• H01M4/505Selection of substances as active materials, active masses, active liquids of inorganic oxides or hydroxides of manganese of mixed oxides or hydroxides containing manganese for inserting or intercalating light metals, e.g. LiMn2O4 or LiMn2OxFy
    • HELECTRICITY
    • H01BASIC ELECTRIC ELEMENTS
    • H01MPROCESSES OR MEANS, e.g. BATTERIES, FOR THE DIRECT CONVERSION OF CHEMICAL INTO ELECTRICAL ENERGY
    • H01M4/00Electrodes
    • H01M4/02Electrodes composed of or comprising active material
    • H01M4/36Selection of substances as active materials, active masses, active liquids
    • H01M4/48Selection of substances as active materials, active masses, active liquids of inorganic oxides or hydroxides
    • H01M4/52Selection of substances as active materials, active masses, active liquids of inorganic oxides or hydroxides of nickel, cobalt or iron
    • H01M4/525Selection of substances as active materials, active masses, active liquids of inorganic oxides or hydroxides of nickel, cobalt or iron of mixed oxides or hydroxides containing iron, cobalt or nickel for inserting or intercalating light metals, e.g. LiNiO2, LiCoO2 or LiCoOxFy
    • HELECTRICITY
    • H01BASIC ELECTRIC ELEMENTS
    • H01MPROCESSES OR MEANS, e.g. BATTERIES, FOR THE DIRECT CONVERSION OF CHEMICAL INTO ELECTRICAL ENERGY
    • H01M4/00Electrodes
    • H01M4/02Electrodes composed of or comprising active material
    • H01M4/64Carriers or collectors
    • H01M4/66Selection of materials
    • H01M4/661Metal or alloys, e.g. alloy coatings
    • HELECTRICITY
    • H01BASIC ELECTRIC ELEMENTS
    • H01MPROCESSES OR MEANS, e.g. BATTERIES, FOR THE DIRECT CONVERSION OF CHEMICAL INTO ELECTRICAL ENERGY
    • H01M10/00Secondary cells; Manufacture thereof
    • H01M10/05Accumulators with non-aqueous electrolyte
    • H01M10/058Construction or manufacture
    • H01M10/0587Construction or manufacture of accumulators having only wound construction elements, i.e. wound positive electrodes, wound negative electrodes and wound separators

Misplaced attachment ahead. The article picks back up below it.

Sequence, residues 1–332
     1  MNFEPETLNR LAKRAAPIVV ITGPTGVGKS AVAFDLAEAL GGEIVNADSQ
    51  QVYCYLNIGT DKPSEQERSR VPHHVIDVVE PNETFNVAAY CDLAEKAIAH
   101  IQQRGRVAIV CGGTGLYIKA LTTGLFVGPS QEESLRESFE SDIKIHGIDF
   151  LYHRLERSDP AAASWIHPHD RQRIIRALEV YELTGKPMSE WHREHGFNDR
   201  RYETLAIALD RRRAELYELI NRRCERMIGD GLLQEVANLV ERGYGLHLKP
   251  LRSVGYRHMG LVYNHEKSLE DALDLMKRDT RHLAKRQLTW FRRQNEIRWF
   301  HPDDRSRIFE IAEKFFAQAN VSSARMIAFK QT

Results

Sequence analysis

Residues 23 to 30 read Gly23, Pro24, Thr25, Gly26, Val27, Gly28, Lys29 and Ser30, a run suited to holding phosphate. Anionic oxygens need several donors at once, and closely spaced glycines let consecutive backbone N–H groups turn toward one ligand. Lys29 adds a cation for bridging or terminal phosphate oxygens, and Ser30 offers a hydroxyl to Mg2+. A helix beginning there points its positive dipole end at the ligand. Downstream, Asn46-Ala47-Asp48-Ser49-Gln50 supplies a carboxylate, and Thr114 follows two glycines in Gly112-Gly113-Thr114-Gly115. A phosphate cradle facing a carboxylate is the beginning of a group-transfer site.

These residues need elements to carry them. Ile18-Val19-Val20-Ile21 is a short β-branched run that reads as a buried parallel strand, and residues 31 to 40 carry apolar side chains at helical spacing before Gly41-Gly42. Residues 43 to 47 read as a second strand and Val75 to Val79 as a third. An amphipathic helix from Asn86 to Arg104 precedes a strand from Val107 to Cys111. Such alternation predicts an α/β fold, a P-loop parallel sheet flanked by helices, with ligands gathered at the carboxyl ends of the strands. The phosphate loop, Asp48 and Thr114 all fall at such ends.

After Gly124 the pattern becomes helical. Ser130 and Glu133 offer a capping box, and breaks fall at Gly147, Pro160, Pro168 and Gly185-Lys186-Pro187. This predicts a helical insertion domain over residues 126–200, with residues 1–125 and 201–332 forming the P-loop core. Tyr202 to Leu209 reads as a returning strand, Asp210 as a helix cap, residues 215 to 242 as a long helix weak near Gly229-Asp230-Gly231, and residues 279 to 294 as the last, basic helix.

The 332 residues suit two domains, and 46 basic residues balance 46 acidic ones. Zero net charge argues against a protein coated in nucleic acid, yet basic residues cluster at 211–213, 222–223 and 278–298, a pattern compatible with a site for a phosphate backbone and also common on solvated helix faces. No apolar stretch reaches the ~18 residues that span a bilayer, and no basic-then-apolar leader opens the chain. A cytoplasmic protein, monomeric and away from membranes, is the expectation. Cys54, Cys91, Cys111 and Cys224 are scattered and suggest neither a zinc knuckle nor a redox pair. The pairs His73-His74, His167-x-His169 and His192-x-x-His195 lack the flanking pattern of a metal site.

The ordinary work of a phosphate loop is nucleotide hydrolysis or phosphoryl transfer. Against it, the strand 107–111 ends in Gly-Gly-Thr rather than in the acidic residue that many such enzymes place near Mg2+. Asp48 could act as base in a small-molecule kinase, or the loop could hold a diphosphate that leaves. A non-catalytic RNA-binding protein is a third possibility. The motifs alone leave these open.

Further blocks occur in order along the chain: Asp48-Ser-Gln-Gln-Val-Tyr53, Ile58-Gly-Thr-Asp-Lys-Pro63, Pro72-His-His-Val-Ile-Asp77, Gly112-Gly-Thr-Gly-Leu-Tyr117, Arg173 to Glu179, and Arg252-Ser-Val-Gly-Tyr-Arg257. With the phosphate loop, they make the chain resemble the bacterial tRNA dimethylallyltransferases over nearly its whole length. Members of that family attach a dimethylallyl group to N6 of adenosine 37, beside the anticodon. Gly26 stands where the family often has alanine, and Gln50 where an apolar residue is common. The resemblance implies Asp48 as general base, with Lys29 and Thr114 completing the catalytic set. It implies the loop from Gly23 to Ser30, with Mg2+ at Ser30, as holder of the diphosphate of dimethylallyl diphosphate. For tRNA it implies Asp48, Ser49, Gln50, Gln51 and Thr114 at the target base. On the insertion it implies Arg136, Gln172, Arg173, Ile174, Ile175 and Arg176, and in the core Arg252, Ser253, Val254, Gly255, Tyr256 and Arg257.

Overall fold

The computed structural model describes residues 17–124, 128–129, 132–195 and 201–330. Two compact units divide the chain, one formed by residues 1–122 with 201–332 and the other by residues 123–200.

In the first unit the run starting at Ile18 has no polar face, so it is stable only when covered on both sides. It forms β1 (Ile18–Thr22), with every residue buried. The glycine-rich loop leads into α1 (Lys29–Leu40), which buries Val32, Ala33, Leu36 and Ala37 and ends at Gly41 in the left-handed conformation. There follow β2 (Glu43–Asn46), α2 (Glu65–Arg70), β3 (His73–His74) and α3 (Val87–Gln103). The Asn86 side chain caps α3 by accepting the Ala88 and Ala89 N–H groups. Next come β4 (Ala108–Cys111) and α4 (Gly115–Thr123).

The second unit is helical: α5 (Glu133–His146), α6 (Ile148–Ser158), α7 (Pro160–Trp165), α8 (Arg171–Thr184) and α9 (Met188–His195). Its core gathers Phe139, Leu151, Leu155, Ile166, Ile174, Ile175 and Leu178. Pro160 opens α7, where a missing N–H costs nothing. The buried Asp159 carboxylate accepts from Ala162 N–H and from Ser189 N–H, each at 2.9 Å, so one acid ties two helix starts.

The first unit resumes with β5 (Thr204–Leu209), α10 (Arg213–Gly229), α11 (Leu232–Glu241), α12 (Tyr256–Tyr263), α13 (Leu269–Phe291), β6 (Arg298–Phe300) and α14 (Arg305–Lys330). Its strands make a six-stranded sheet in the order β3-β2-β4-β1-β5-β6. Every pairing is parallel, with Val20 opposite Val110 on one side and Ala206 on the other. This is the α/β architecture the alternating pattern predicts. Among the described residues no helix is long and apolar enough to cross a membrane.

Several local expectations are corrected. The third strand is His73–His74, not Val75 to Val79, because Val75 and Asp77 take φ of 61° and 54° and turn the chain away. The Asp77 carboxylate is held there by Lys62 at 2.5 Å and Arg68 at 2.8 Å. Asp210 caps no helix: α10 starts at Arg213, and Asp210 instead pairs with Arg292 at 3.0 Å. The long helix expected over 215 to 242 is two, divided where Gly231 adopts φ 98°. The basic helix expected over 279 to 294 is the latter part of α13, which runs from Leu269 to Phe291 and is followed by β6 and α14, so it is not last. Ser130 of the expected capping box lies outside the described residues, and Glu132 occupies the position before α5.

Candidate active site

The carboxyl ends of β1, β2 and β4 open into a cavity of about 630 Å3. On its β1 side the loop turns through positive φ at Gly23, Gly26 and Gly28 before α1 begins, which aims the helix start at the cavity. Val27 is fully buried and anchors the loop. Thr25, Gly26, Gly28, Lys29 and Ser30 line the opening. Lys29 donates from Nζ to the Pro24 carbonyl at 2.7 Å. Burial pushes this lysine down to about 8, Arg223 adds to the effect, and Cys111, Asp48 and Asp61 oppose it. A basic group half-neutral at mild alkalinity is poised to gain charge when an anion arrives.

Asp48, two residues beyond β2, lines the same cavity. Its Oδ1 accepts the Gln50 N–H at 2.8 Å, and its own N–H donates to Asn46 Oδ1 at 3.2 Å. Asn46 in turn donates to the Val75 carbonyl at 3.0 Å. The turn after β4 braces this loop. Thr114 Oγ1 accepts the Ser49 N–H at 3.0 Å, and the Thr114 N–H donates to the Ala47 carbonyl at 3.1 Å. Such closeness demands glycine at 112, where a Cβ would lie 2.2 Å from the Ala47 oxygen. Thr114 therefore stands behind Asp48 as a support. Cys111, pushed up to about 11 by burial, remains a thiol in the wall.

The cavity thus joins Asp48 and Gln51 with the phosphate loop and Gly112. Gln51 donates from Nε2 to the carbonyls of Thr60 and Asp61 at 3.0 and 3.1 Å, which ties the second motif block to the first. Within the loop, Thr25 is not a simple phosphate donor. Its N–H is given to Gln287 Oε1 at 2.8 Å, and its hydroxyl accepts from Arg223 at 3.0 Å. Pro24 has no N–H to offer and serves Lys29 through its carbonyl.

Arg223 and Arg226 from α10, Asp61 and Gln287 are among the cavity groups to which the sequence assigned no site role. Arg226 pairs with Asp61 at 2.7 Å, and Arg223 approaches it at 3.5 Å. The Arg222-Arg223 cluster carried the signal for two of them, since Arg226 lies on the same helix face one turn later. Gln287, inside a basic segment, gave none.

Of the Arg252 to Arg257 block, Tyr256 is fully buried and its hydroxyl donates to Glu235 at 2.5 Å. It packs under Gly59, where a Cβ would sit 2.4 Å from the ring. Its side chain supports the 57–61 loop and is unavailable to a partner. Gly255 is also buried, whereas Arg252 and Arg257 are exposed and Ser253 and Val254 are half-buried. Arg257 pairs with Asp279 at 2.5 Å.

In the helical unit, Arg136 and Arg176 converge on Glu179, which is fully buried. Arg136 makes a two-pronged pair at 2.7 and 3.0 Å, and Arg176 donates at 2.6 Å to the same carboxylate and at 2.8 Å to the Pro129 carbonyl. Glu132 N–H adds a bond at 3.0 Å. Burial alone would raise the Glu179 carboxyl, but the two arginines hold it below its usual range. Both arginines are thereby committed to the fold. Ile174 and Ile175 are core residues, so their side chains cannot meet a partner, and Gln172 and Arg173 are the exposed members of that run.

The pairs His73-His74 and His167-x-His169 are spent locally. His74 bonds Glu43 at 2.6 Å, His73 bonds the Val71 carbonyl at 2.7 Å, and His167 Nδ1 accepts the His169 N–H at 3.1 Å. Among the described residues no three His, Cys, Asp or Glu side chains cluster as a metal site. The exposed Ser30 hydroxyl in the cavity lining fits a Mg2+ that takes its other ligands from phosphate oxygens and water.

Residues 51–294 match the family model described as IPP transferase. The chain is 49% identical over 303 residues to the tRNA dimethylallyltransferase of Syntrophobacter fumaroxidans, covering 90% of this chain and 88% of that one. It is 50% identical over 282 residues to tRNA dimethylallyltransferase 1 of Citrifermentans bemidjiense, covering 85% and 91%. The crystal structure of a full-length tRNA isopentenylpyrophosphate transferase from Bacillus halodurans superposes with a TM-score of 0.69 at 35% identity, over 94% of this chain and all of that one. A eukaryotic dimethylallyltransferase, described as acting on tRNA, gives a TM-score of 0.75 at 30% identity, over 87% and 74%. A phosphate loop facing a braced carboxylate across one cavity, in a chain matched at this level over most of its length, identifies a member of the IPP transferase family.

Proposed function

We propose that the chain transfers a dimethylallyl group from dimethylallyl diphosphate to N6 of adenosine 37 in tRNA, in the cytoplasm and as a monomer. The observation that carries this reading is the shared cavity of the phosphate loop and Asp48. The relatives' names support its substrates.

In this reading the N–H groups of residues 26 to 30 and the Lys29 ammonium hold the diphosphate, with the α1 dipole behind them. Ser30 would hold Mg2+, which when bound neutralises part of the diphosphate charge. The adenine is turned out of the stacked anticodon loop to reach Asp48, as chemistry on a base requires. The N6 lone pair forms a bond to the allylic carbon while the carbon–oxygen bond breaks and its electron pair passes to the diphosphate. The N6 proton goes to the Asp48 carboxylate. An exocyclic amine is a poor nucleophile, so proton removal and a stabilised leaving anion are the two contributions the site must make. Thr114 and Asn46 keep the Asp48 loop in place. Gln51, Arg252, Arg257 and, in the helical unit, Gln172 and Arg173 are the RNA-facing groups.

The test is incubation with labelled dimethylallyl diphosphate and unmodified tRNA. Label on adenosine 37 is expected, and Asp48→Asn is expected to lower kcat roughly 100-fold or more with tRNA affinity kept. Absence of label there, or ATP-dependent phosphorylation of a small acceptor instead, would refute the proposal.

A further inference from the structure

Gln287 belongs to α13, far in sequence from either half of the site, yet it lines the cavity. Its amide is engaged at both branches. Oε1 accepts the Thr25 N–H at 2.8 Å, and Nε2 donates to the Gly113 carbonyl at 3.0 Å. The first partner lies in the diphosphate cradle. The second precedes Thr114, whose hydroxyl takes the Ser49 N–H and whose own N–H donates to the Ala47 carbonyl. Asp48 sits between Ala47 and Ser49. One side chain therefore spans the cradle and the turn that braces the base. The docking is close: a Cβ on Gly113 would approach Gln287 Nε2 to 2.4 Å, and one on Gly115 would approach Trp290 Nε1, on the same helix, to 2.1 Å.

• HELECTRICITY
    • H01BASIC ELECTRIC ELEMENTS
    • H01MPROCESSES OR MEANS, e.g. BATTERIES, FOR THE DIRECT CONVERSION OF CHEMICAL INTO ELECTRICAL ENERGY
    • H01M4/00Electrodes
    • H01M4/02Electrodes composed of or comprising active material
    • H01M2004/021Physical characteristics, e.g. porosity, surface area

Abstract

The present invention provides a non-aqueous electrolyte secondary cell including: a lithium-nickel composite oxide as a cathode active material and a material having a specific surface in the range from 0.05 m2/g to 2 m2/g as an anode active material. When A is assumed to be the weight of the lithium-nickel composite oxide and B is assumed to be the weight of the cathode active material other than the lithium-nickel composite oxide, the mixture ratio R expressed A/(A+B) is in the range from 0.2 to 1. This combination of the cathode active material and the anode active material enables to obtain an improved anti-over discharge characteristic even when an anode current collector contains Cu.

Description

RELATED APPLICATION DATA

The present application claims priority to Japanese Application No. P2000-246023 filed Aug. 14, 2000, which application is incorporated herein by reference to the extent permitted by law.

BACKGROUND OF THE INVENTION

1. Field of the Invention